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Kernowflex and Care Buddy roles provide flexible learning and personal enrichment for Falmouth University student

This page was last updated: October 31st, 2022

Ysella Lees is currently finishing her MA in Professional Writing at Falmouth University. In addition to her studies, Ysella has been picking up shifts through Kernowflex at the Royal Cornwall Hospitals NHS Trust.

“I started on Kernowflex at the start of the pandemic,” Ysella explains. “My first role was working in stores and procurement, where I was based five days a week for a period of three to four months. I worked throughout the first wave of the pandemic, delivering supplies and PPE to all wards and departments, including the Covid ward.”

“It was an intense job,” Ysella continues, “but I really enjoyed it. Everyone in stores and procurement was so friendly, and always had the time to advise and assist me with any questions I might’ve had. Prior to my role there, I don’t think I’d ever realized before how many people make up our hospitals. It’s not just doctors and nurses, there are so many people all working together. The role that stores and procurement provide is such a vital service and one that too often gets overlooked, but they really contribute a tremendous amount to how our hospitals function, and it was a real pleasure to spend time working alongside the team.”

Since her time in stores, Ysella has continued to balance her studies with Kernowflex shifts across several admin and clerical roles, as well as work on switchboard and as a ward clerk. “I’ve been trying to gain as much insight and experience across the different departments as possible,” she adds. “Just being in a hospital environment you learn so much. It’s so different to any working environment, it really bonds you to the people you work with. We all play a part and contribute to the care and service that the hospital provides.”

In her current break between terms, Ysella has also taken on shifts as a Care Buddy. “I took on my first care buddy shift only recently,” Ysella continues. “It’s not something I’d ever done before, but as I had a break between terms, I thought I would use the time to take on a few shifts. I applied to do the training, just to see if I could help, and ended up getting a place.”

“Working in other roles and departments made me appreciate how useful a care buddy could be,” says Ysella. “Seeing how hard the nurses and HCAs work, I could see why the role had been introduced. A care buddy aids with all the little jobs, which give nurses and HCAs that extra bit of time to focus on other jobs that may be more important to patient care. Many are simple tasks, such as filling up water jugs and helping at mealtimes; answering a phone call from a relative wanting to know how their family member is; pushing a notes trolley to a new destination; changing a bed with a colleague; and talking to patients. It’s a valuable role.”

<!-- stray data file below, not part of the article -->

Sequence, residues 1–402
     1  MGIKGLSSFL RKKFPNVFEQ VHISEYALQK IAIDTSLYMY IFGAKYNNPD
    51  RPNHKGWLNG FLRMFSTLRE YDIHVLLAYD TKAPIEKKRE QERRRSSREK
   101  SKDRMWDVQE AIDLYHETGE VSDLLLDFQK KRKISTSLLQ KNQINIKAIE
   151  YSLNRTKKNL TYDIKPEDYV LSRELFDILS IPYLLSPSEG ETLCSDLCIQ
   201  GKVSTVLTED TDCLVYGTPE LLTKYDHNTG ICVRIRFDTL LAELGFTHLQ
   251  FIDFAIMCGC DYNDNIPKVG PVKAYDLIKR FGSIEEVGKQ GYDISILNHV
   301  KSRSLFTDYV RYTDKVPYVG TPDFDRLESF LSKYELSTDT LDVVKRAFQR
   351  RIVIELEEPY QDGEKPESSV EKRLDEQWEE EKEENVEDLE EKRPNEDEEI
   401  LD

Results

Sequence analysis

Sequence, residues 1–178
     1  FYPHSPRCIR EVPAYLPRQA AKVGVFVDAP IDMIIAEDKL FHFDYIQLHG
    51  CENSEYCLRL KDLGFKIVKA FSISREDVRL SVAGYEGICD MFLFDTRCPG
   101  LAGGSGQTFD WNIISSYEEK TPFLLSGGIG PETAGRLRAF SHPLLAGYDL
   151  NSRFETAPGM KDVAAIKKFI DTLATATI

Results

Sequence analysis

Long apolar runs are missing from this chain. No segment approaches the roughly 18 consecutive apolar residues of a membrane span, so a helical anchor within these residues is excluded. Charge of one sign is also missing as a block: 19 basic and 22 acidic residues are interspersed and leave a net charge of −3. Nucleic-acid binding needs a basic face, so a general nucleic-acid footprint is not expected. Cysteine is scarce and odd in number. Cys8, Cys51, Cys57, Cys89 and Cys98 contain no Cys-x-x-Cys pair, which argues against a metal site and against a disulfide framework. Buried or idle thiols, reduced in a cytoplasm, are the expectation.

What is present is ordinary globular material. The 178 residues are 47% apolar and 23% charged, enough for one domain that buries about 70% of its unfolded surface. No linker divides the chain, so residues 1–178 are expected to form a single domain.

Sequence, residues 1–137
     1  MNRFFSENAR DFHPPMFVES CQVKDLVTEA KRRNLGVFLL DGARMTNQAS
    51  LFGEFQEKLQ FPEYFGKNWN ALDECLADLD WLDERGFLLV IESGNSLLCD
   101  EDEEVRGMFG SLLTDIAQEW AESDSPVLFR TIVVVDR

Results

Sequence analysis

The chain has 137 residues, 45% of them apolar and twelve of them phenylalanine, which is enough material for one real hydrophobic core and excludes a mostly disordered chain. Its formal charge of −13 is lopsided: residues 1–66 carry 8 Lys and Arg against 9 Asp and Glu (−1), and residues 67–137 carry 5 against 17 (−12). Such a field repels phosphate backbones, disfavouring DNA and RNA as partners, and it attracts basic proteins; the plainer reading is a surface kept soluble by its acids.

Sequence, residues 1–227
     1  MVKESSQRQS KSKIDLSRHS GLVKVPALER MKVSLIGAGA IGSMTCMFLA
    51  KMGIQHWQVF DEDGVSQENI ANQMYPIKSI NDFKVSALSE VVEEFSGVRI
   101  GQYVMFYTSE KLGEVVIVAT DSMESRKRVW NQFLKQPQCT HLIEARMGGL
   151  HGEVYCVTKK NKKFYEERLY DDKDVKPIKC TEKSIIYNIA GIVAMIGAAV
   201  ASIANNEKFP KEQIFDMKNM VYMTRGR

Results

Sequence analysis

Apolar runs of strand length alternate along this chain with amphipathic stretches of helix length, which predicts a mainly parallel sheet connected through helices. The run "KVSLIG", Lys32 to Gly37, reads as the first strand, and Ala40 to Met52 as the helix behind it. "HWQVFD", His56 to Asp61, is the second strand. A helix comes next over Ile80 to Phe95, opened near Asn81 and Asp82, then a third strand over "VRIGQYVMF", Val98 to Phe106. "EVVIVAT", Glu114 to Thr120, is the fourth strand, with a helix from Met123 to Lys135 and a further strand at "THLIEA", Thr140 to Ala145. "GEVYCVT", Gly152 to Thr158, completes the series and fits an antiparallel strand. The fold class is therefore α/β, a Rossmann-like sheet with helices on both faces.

For Ysella, one of the benefits of the Care Buddy role is the flexibility. “After completing the training, all you do is give them a ring, you tell them your hours, and they book you in. It’s great! It works well for me with my current studies and workload, and it really helps the nurses and HCAs who are working so hard already.”

“You really have to immerse yourself in the role,” Ysella adds. “Not having done anything like this before, there are definite challenges. Dealing with different patients and stepping into your first shift, into a role and environment that is new and unfamiliar can be daunting, but you always know you’re well supported by the team. Using your own initiative can be a challenge at first. There’s no one really managing you or telling you what to do, so it’s more about recognising areas where a colleague might need help and assistance, or if there’s a particular patient that needs help with something, or just someone to talk to.”

“Spotting things, being there, being helpful. It all becomes second nature and you become very good at spotting things that you think a colleague or member of the team could use some help with. You’re there for them; both the patients and the people you’re working with.”

Working on Kerensa, an eldercare ward, Ysella has seen first-hand the benefit that the care buddy role can bring to our patients. “I was there at the time when visiting restrictions were in place due to Covid,” she continues. “Just being there was a bit of a comforting presence, providing help for someone that might be upset, or confused, or a bit worried about things that are happening. It was nice for the patients to see a familiar face and really nice to feel valued in the support I was able to provide.”

“All the colleagues on the wards have been so appreciative and are always happy to see a Care Buddy arrive to help with a shift,” Ysella concludes. “It’s great to have that mutual respect and to feel valued in the support or assistance you can provide. What I’ve learned from my experience, both on Kernowflex and as a care buddy, is that everyone does their bit. Being part of one big team is a good feeling.”

Added on 6 July 2022, in News - Working for us

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